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Publication numberUS7308564 B1
Publication typeGrant
Application numberUS 10/402,057
Publication dateDec 11, 2007
Filing dateMar 27, 2003
Priority dateMar 27, 2003
Fee statusPaid
Publication number10402057, 402057, US 7308564 B1, US 7308564B1, US-B1-7308564, US7308564 B1, US7308564B1
InventorsJesse H. Jenkins, IV
Original AssigneeXilinx, Inc.
Export CitationBiBTeX, EndNote, RefMan
External Links: USPTO, USPTO Assignment, Espacenet
Methods and circuits for realizing a performance monitor for a processor from programmable logic
US 7308564 B1
Abstract
A performance monitor is realized from programmable logic on the same integrated circuit as a processor. A user may use a programming and analysis tool to select a performance monitor soft core and to program it into the integrated circuit. The performance monitor is used to debug and/or monitor operation of the processor. After the debugging and/or performance monitoring, the portion of the programmable logic used to realize the performance monitor can be reconfigured and used to realize another portion of the user-specific circuit. Because the portion of the integrated circuit used to realize the performance monitor can be later used in the user-specific design, the cost of having to provide a no-longer-desired performance monitor in each integrated circuit used in the user's design is avoided. Because the performance monitor is realized from programmable logic, the performance monitor is more flexible than a conventional hardwired configurable performance monitor.
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Claims(28)
1. In an integrated circuit comprising a programmable logic portion and a processor core, a method comprising:
configuring a first portion of the programmable logic portion to realize a performance monitor for monitoring the processor core;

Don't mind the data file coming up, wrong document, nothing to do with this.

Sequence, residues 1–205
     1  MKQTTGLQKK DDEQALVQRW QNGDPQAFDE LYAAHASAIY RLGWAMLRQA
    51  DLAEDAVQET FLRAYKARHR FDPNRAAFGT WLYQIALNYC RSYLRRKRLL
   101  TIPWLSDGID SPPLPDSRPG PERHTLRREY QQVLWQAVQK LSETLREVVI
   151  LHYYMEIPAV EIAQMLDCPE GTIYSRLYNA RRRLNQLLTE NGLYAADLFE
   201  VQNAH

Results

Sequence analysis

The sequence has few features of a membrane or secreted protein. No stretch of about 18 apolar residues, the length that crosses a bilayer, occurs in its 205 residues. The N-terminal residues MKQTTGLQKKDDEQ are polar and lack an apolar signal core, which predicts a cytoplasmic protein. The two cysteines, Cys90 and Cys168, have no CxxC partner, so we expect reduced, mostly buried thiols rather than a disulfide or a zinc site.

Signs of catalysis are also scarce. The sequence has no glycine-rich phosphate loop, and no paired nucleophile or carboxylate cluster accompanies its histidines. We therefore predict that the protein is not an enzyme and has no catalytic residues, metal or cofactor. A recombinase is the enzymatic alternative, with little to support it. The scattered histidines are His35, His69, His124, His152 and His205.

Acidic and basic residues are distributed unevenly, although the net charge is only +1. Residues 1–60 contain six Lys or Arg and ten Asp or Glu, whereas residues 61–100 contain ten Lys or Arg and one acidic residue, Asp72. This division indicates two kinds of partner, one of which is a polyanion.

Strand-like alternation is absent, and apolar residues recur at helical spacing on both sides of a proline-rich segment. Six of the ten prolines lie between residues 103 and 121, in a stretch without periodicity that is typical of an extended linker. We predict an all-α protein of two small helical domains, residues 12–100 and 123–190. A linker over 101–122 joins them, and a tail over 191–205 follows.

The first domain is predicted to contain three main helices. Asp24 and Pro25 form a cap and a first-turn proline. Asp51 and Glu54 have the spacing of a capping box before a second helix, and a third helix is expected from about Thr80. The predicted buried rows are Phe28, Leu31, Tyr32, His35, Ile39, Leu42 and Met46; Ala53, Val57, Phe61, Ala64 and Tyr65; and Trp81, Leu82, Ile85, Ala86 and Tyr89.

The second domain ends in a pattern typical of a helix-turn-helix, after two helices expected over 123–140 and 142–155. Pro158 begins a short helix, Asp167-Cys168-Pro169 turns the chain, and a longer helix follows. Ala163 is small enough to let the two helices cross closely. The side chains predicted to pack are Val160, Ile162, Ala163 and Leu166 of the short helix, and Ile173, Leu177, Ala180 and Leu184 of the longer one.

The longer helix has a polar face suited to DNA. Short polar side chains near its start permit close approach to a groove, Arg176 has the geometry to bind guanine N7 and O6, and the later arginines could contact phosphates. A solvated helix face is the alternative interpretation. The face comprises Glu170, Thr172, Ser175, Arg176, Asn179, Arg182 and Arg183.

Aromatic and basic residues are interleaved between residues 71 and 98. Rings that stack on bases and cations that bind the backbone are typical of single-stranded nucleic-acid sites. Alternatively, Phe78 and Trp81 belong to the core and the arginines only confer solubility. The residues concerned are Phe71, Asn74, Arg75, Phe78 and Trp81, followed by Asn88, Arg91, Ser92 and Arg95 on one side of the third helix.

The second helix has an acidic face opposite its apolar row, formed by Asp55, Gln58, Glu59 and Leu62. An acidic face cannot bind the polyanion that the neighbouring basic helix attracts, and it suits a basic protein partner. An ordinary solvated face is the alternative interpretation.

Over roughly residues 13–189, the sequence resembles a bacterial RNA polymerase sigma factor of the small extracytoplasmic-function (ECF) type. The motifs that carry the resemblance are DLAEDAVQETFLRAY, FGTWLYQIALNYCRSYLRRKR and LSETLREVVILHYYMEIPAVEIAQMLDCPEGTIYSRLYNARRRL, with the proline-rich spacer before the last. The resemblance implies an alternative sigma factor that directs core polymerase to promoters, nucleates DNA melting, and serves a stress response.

configuring a second portion of the programmable logic portion to realize a first portion of a user-specific circuit comprising a portion of the user-specific circuit selected to interact with the processor core;
executing software code on the processor core to interact with the first portion of the user-specific circuit;
using the performance monitor to monitor the processor core;
wherein the performance monitor comprises a counter that monitors speed of the processor core interacting with the first portion of the user-specific circuit, the counter having a higher speed portion and a lower speed portion,
wherein the higher speed portion is implemented in hardwired circuitry, and the lower speed portion is implemented in the programmable logic portion; and
reconfiguring the first portion of the programmable logic portion with a second portion of the user-specific circuit, wherein the lower speed portion of the performance monitor is removed and the integrated circuit comprises a complete user-specific circuit.
2. The method of claim 1, wherein the programmable logic portion of the integrated circuit comprises a plurality of configurable logic blocks and a programmable interconnect structure, the programmable interconnect structure being configurable to connect the programmable logic blocks together.
3. The method of claim 2, further comprising:
providing a programming tool that allows a user to select a performance monitor soft core programming option such that if the performance monitor soft core programming option is selected then the programming tool outputs configuration data that configures the programmable logic portion of the integrated circuit to realize the performance monitor.
4. The method of claim 3, further comprising:
using the programming tool to receive performance data collected by the performance monitor.
5. The method of claim 1, wherein the processor core is a hard core.
6. The method of claim 1, wherein the processor core is a soft core.
7. The method of claim 1, wherein the performance monitor comprises a counter usable to count events, the counter having a user-selectable number of bits.
8. The method of claim 1, wherein the performance monitor comprises a comparator that compares a first value to a second value, the first and second values being multi-bit values having a user-selectable number of bits.
9. The method of claim 1, wherein the performance monitor comprises a counter having a user-selectable count sequence.